Monday, February 9, 2015 to identify substates, establish a model of the ligand pathways and to predict an effective on-rate for the binding process. Available experimental high precision measurements of the binding kinetics render the system suitable for comparison. We identified multiple surface substates that play a crucial role for the dynamics for high ligand concentrations. Using rate estimates from the MD simulations and extrapolation to low, experimentally accessible ligand concentrations we ruled out the two-step models. We quantified the conformational confinement and the probability of binding barrier crossing to obtain values for the funnel model. The overall estimate for the on-rate rate constant was estimated to be 30/(ms*mol/l), which is in excellent agreement with the experimental measurements. 1086-Pos Board B37 Hofmeister Ion and Cosolvent Effects on the Structure, Aggregation, and Backbone Solvation of RecA Taylor P. Light, Karen M. Corbett, Michael A. Metrick, Gina MacDonald. Department of Chemistry and Biochemistry, James Madison University, Harrisonburg, VA, USA. RecA is an Escherichia coli protein that catalyzes the strand exchange reaction utilized in DNA repair. Previous studies have shown that the presence of salts influence RecA activity, aggregation, and stability. Here we utilized attenuated total reflectance Fourier-transform infrared (ATR-FTIR) spectroscopy and circular dichroism (CD) to further investigate how various Hofmeister salts and cosolvents alter RecA structure, aggregation, and solvation. Spectroscopic studies performed in water and deuterium oxide suggest that salts alter amide I (or I’) and amide II (or II’) vibrations arising from the protein backbone. Specific infrared vibrations that may arise from protein-solvent interactions were identified. Infrared vibrations that correlate with protein desolvation were observed in the presence of strongly hydrated SO42- anions. The vibrations that correlate with protein solvation were observed in the presence of weakly hydrated Cl- and ClO4- anions. Additional experiments were performed under solution conditions known to influence protein-solvent and protein-water interactions. An increase in the infrared frequency of amide I (or I’) correlated with increasing concentrations of trifluoroethanol (TFE) and sucrose. This result suggests an increase in desolvation of the amide backbone with an increase in the concentration of cosolvents. Additionally, increasing concentrations of TFE resulted in an increase in RecA aggregation. These results show that salts and cosolvents alter the solvation water surrounding proteins and influences overall structure and aggregation. 1087-Pos Board B38 Foldamer-Based Enantioselective Targeting of Islet Amyloid Polypeptide Sunil Kumar, Diana Schlamadinger, Andrew Miranker. MB and B, Yale University, New Haven, CT, USA. A novel approach is developed where oligoquinoline based foldamers are designed and synthesized to stabilize the dynamic behavior of the pre-amyloid toxic state of the diabetes related protein, IAPP. Among small molecule foldamers, oligoquinolines have an unusually stable, non-covalent structure. The surface of oligoquinolines can be derivitized without perturbing its fold. This enables design of a surface that can target polypeptides. Here, we show the utility of this scaffold on protein misfolding from intrinsically disordered precursors. Amyloid self-assembly derived from misfolding is a hallmark for a group of diseases include Alzheimer’s, Parkinson’s, and type 2 diabetes (T2D). In the latter, islet amyloid polypeptide (IAPP) accumulates as fibers in the pancreatic b-cells. However, it has been shown that fibers are not the dominant toxin, rather it is the membrane bound a-helical intermediates of IAPP that give rise to pre-amyloid toxicity. Targeting the heterogeneous ensemble of dynamic protein structures, such as IAPP, is often regarded as challenge for the creation of specific ligands. However, the use of a strongly structured foldamer permits the induction of structures in flexible species. Here we show oligoquinioline derivatives that bind preamyloid IAPP and show activity in both solution biophysics and cellular assays. 1088-Pos Board B39 Structural Dynamics of Proteins using Novel Visible Fluorescence Probes Haifeng Pan. East China Normal University, Shanghai, China. Fluorescence spectroscopy has been widely used in life science. In this paper, some fluorescent molecules have been designed and synthesized to interact with biological thiol groups, in order to further study protein structural changes at different environment. 4-(2-(1,10c-dihydropyren-1-yl)vinyl)-1-methylpyri-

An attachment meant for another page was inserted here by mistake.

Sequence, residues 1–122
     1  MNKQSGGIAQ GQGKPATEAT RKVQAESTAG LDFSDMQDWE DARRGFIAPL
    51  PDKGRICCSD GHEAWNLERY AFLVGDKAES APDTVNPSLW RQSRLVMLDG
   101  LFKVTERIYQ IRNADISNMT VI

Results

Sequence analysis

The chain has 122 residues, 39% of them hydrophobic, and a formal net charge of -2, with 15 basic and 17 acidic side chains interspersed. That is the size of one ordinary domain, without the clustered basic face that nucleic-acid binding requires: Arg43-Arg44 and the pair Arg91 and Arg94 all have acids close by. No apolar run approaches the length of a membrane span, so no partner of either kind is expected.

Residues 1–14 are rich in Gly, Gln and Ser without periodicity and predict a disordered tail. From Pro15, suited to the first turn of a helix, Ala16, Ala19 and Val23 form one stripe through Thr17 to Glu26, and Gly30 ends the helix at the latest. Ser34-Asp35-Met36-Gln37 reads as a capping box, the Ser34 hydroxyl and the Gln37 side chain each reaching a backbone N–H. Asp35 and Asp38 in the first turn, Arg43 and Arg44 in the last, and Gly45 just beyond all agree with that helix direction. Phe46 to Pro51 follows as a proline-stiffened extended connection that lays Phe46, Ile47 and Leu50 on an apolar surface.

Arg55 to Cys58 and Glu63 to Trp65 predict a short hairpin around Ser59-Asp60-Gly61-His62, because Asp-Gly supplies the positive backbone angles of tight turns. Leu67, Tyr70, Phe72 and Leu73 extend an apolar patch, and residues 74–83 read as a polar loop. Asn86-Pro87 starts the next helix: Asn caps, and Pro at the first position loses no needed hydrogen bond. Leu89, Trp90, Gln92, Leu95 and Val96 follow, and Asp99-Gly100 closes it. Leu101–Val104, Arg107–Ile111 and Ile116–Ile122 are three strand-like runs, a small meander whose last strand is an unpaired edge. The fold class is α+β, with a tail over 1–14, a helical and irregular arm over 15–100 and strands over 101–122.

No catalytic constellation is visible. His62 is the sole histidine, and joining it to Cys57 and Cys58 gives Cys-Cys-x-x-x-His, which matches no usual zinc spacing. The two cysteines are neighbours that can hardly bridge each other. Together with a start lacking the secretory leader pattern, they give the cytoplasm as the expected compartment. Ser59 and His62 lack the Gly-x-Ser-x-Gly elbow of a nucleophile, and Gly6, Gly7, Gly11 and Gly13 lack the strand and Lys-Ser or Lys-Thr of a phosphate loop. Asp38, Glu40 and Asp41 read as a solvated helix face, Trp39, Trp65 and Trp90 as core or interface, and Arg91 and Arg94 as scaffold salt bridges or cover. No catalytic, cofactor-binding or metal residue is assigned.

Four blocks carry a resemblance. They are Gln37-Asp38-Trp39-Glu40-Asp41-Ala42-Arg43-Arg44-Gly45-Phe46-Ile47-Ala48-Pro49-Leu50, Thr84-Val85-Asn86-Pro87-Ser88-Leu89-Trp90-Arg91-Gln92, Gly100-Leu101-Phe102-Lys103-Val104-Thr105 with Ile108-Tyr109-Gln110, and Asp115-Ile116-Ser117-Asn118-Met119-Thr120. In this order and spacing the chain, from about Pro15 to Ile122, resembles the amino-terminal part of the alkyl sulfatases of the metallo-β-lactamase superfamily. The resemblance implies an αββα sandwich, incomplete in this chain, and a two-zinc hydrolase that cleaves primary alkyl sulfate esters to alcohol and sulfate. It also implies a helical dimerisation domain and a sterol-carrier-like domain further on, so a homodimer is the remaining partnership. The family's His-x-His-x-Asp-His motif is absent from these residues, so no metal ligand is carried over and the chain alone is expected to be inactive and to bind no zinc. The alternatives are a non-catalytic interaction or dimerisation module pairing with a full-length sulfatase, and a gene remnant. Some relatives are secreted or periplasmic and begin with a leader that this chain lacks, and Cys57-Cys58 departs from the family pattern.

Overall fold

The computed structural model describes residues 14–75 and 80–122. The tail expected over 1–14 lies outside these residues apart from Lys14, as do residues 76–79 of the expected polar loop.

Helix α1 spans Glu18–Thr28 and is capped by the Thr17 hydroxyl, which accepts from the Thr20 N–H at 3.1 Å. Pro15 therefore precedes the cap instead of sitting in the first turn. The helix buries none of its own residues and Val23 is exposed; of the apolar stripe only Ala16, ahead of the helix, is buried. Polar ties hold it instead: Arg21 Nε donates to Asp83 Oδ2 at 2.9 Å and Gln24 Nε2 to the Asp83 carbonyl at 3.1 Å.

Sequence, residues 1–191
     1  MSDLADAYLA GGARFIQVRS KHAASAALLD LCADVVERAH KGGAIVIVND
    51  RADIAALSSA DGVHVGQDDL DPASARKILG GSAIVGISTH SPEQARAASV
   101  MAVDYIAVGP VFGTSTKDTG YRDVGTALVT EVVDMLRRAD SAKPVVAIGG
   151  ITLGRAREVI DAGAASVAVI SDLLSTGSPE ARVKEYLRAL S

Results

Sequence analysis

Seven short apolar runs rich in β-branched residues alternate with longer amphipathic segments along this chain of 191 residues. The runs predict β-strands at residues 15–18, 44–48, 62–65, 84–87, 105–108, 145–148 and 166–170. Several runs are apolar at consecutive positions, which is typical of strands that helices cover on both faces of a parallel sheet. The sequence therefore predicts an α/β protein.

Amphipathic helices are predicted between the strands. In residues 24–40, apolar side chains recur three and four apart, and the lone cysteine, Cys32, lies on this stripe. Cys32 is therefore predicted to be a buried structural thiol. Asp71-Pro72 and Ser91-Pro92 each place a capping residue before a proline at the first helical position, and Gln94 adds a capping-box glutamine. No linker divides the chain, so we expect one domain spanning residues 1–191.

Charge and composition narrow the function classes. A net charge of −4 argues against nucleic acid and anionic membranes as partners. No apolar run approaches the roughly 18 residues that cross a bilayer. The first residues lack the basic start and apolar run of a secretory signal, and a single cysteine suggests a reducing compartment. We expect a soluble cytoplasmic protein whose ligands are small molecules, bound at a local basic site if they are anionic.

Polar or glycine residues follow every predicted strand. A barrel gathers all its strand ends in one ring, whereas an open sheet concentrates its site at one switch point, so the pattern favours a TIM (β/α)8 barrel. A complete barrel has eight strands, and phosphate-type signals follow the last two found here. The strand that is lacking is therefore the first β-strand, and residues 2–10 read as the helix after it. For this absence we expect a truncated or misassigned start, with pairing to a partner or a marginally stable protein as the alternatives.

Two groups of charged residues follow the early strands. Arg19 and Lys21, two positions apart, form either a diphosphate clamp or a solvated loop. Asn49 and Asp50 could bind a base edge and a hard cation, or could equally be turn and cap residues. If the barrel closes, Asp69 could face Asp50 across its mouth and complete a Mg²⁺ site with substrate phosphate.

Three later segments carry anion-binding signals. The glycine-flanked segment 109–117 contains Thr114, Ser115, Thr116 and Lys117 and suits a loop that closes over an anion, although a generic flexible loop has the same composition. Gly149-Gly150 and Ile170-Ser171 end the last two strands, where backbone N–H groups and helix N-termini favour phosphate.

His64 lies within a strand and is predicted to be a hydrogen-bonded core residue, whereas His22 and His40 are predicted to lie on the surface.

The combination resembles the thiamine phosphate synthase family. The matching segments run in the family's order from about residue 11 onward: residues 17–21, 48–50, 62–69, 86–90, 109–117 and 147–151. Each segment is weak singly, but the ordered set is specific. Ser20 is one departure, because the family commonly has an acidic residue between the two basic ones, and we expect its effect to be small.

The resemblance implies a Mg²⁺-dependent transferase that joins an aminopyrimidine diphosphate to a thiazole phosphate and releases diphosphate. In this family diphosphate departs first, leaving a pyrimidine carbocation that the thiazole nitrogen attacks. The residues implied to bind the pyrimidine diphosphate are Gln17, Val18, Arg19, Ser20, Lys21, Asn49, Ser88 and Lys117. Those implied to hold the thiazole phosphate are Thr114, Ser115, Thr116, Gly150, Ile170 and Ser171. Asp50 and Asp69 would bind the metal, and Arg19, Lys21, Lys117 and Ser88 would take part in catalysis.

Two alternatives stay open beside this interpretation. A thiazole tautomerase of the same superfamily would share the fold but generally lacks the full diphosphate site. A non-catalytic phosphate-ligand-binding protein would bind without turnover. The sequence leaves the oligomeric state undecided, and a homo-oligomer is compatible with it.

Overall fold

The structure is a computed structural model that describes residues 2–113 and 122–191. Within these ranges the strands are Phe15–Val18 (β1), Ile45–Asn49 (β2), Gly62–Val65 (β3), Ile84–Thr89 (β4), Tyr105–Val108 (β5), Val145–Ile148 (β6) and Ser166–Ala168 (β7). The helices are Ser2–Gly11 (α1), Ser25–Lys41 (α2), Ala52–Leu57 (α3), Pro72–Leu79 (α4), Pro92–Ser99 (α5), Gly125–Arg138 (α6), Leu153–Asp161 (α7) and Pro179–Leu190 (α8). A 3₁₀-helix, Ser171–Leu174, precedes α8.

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dinium iodide (4-PBPMI) and 2-(2-(1,10c-dihydropyren-1-yl)vinyl)-1-methylpyridinium iodide (2-PBPMI), whose absorption and fluorescence spectra are in ultraviolet and visible region respectively, have been shown to very sensitively probe L-Cysteine (L-Cys) due to the strong interaction between thiols and vinyl. We reported here the systematic measurements of steady state fluorescence of PBPMIs in the mixtures with various proportions of glycerol and water, and time resolved fluorescence decay using a time correlated single photon counting apparatus on the 100ps to 30ns time scale. The probes are excellent to monitor the L-Cys concentrations and environment simultaneously. For example, with the increasement of the concentration of L-Cys, the emission intensities of PBPMIs in ultraviolet got a great enhancement as well as absorptions. Meanwhile, in visible region, the intensities were decreased sharply. Further experiments and discussion will be made to study structural dynamics of proteins with disulfide bonds and free thiols. The results may motivate additional experimental and theoretical research on the molecular-level design of luminescent probes in biophysics. 1089-Pos Board B40 Intrinsic Thermodynamics - Structure Correlation of Carbonic Anhydrase Inhibitors Daumantas Matulis, Asta Zubrien_e, Lina Baranauskien_e, Alexey Smirnov, Vaida Morkunait_e, Joana Smirnovien_e, Migl_e Kisonait_e, Povilas Norvaisas, David D. Timm. Institute of Biotechnology, Vilnius, Lithuania. For the design of selective inhibitors towards 12 active human carbonic anhydrase (CA) isoforms, a map correlating thermodynamics of inhibitor binding with cocrystal structures was created. A series of over 600 inhibitors were chemically synthesized. Their binding to CA isoforms was measured by three biophysical and biochemical techniques, namely, isothermal titration calorimetry (ITC), fluorescent thermal shift assay (FTSA), and enzymatic inhibition methods. A database of over 3000 binding reactions, including the intrinsic Gibbs free energies and sometimes the enthalpies, entropies and heat capacities, was assembled. Intrinsic energetics of binding was determined by accounting for the linked protonation-deprotonation reactions of both protein and ligand. Together with over 80 cocrystal structures, this database provided insight into some general issues of protein-ligand interactions, especially the enthalpy - entropy compensation and isoform-selective ligand design. Parts of some ligands contained flexible tailgroups that correlated with increased intrinsic entropy of binding. All designed ligands exhibited enthalpy-driven binding with minor but important entropic contributions. The method is useful for the design of ligands with appropriate affinities and selectivities. 1090-Pos Board B41 Zebrafish Larvae as Model System to Study Possible Toxicity of Silver Nanoparticles at Cytoskeletal Level by Means of Advanced Microscopy Marta d’Amora1,2, Abdelrasoul N. Gaser1, Zeno Lavagnino1, Giuseppe Sancataldo1,3, Francesca Cella Zanacchi1, Alberto Diaspro1,2. 1 Nanophysics, Istituto Italiano di Tecnologia, Genova, Italy, 2Nikon Imaging Center, Istituto Italiano di Tecnologia, Genova, Italy, 3Department of Physics, University of Genova, Genova, Italy. Previous studies on the toxicity induced by Ag NPs of different size on zebrafish during development have almost exclusively characterized macroscopic effects, in particular anomalies in the spontaneous movements, hatching rate/time disturbance and the presence of different malformations [1][2]. However little is known about a possible interaction of Ag NPs with subcellular structures. In this study we focus our attention on the biological effects of small-sized silver nanoparticles (8-10nm) through a multi-level investigation on zebrafish larvae. The use of these model organisms and the possibility to image them using advanced microscopy techniques represent an optimal opportunity to screen toxicity effects of nanoparticles at microscopic level. In particular, the use of advanced microscopy techniques (such as confocal and selective plane illumination microscopy (SPIM)) [3] [4] allows for 3D high resolution imaging of possible effects of nanoparticles on the cytoskeletal architecture. With this approach high cellular and sub-cellular resolution can be achieved. So far, we have investigated the possible damage induced by Ag NPs in the structure of both tubulin and filamentous actin (F-actin) in zebrafish larvae. (1) Asharani P.V. et al., Nanotechnology; 19(25):255102 (2008) (2) Powers M. et al., Neurotoxicology and Teratology; 32(3): 391-397 (2011) (3) Huisken J. et al., Science; 305: 1007-1009 (2004) (4) Lavagnino Z. et al., Optics Express; 21(5): 5998-6008 (2013)